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“WeHo’s Nights In” benefits area nightlife workers

Former WeHo bartender giving back amid crisis

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Kevin Spencer wants you to know that Santa Monica Boulevard’s nightlife may be on pause, but you can still tip WeHo’s nightlife workers. (Photo courtesy Kevin Spencer)

Kevin Spencer is a marketing guy these days, working in audience development for Ranker.com, but it wasn’t too long ago that he was making his living as one of West Hollywood’s most popular bartenders.

Given the legendary status of WeHo’s nightlife scene, perhaps, it’s not surprising that he looks back upon his former career, which culminated in a three-year stint at Flaming Saddles, with enthusiastic fondness.

“I loved my time there,” he tells the Blade. “It was a really unique look at West Hollywood from the other side of the bar. You get a view of the community and the nightlife experience as a whole, whereas as a patron you only get a view of it from your own participation in it – you meet who you’re there to meet, or you’re there for whatever reason.”

Those fond memories made it inevitable that when the COVID-19 crisis necessitated the closure of WeHo’s bars and clubs along with all the other such establishments across Los Angeles, Spencer’s thoughts would naturally turn to his former co-workers, and the crushing financial impact such a grave decision would have on their lives. He didn’t just lament their fate, however. Instead, he took action.

“Like a lot of people, probably, I have wanted to volunteer, I’ve wanted to give back,” he explains. “We always have our excuses as to why we don’t – we’re too busy or whatever it may be – but then I found myself in this crisis, fortunate enough to have a job, and thinking, ‘I know what it’s like to live paycheck to paycheck, and be out a job and not know where your money is going to come from.’ If this had happened, even three years ago, I knew I would have been in that position with everybody else, not just in West Hollywood but across the country. So I decided this was an opportunity to step up and give back what I can.”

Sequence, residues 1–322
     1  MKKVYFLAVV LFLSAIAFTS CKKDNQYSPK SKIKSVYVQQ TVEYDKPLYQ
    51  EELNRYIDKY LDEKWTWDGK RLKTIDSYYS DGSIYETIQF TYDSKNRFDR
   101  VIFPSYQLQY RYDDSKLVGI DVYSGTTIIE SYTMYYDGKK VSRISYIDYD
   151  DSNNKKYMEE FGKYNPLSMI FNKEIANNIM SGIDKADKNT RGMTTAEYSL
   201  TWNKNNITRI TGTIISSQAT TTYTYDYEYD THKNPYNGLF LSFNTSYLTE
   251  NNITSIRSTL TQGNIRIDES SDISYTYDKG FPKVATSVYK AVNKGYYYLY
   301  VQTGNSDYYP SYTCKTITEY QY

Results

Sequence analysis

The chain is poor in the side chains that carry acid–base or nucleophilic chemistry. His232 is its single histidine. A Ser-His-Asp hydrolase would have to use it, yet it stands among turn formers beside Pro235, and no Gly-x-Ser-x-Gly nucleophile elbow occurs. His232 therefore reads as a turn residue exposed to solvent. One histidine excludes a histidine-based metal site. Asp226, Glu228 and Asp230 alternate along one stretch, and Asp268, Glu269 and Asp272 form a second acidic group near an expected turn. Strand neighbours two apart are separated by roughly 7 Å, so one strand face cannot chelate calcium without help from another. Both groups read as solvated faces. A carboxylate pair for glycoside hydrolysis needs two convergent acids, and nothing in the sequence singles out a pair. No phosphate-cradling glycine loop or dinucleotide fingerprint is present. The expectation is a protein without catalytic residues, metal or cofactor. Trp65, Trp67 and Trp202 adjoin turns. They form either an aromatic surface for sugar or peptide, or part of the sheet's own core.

His experiences behind the bar also allowed him to see a wider effect of the pandemic, even beyond the economic aspect precipitated by the shutdown.

“We’ve lost our community, we’ve lost our gathering space,” he says. “For a lot of people, these places are their connection to the gay world… and yeah, there are the partiers, and the people we see that are making the most noise at the bars – but there are also those people who come and get their drink, and they’re alone. They don’t really talk to anyone, but just being in the room with their tribe is enough for them – that’s how they escape, that’s how they connect to their world, and it’s gone.”

He hit upon an idea that could provide some relief on both fronts.

“I thought we could do a fundraiser through a virtual community get-together – get people doing DJ sets in their living room, doing Zoom chats with their friends, what a lot of people were doing already, anyway – and then combine that with the added aspect of tipping your service workers while you’re at home making your drink, talking to your friends, and dancing to music in your living room. If you’re fortunate enough to have the resources, you might as well leave the same five-dollar tip that you would leave on a regular Friday night.”

He reached out to WeHo Council member John Duran, who promptly put him into contact with Travis Garcia – another fixture in the community that had floated “almost the exact same idea” to him, according to Spencer. The two men connected, and a week later they launched WeHo’s Nights In, with an initial goal to raise $10,000 within a two-week period in order to offer “immediate assistance for food, medicine, and other essentials” to the city’s now-unemployed nightlife workers while they wait for government programs and unemployment to kick in.